Physician and Patient Radiation Exposure During Endovascular Procedures

Andrew M. Goldsweig, J. Dawn Abbott, Herbert D. Aronow

Research output: Contribution to journalReview articlepeer-review

8 Scopus citations


Endovascular procedures expose both patients and physicians to fluoroscopic ionizing radiation that carries a dose-dependent risk of acute toxicity and a small, but demonstrable, long-term risk of malignancy due to resultant genetic mutations. Exposure doses vary widely based upon patient-related factors including body size and anatomic complexity, operator technique, procedure type (diagnostic vs. therapeutic), vascular bed imaged, and imaging equipment employed. Effective dosage may vary as much as 200-fold for physicians and 20-fold for patients depending upon the procedure: for example, complex aortic interventions with branched graft devices may convey mean effective doses of more than 0.4 mSv for physicians and 100 mSv for patients, whereas distal, small-vessel angiography may entail mean effective doses of less than 0.002 mSv for physicians and 5 mSv for patients. Particular attention is given to physicians’ ocular exposure, which may cause cataract development, and to hand exposure, which is significantly higher than total body exposure when operators work near the x-ray beam. Given the risks of radiation exposure, numerous strategies have been developed to reduce both physician and patient doses. These measures include physician education about dose-reducing imaging techniques, development of low-dose imaging equipment, introduction of new radiation shielding drapes and caps, and real-time dose monitoring. Here, we review physician and patient effective doses of radiation by procedure type as reported in the literature and present recent data regarding dose-reduction strategies.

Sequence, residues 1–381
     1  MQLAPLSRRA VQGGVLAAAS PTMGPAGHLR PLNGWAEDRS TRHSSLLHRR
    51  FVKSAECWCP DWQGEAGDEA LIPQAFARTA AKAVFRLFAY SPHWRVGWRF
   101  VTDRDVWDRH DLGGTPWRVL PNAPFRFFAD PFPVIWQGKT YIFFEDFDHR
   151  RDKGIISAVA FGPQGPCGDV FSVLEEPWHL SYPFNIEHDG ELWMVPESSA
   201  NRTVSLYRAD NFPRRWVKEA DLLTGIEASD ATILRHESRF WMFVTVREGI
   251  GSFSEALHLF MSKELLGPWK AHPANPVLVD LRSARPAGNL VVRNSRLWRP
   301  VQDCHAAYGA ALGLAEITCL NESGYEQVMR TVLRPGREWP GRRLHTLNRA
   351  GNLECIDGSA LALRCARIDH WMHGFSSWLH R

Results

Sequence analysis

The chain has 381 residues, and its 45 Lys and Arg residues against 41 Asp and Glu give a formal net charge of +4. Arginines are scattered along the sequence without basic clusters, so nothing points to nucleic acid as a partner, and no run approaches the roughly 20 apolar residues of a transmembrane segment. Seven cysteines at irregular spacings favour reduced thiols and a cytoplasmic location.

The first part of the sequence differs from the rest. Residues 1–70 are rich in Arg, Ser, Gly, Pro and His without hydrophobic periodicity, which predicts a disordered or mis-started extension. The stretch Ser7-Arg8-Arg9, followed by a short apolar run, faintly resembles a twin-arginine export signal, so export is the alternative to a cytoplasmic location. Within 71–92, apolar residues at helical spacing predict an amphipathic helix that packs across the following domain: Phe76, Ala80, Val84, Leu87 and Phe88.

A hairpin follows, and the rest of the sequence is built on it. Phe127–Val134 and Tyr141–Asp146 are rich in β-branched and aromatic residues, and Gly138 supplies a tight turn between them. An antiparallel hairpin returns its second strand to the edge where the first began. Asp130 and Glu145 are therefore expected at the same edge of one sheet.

Original languageEnglish (US)
Article number10
JournalCurrent Treatment Options in Cardiovascular Medicine
Issue number2
StatePublished - Feb 1 2017
Externally publishedYes


  • Effective dose
  • Endovascular intervention
  • Fluoroscopy
  • Patient exposure
  • Physician exposure
  • Radiation

ASJC Scopus subject areas

  • Cardiology and Cardiovascular Medicine


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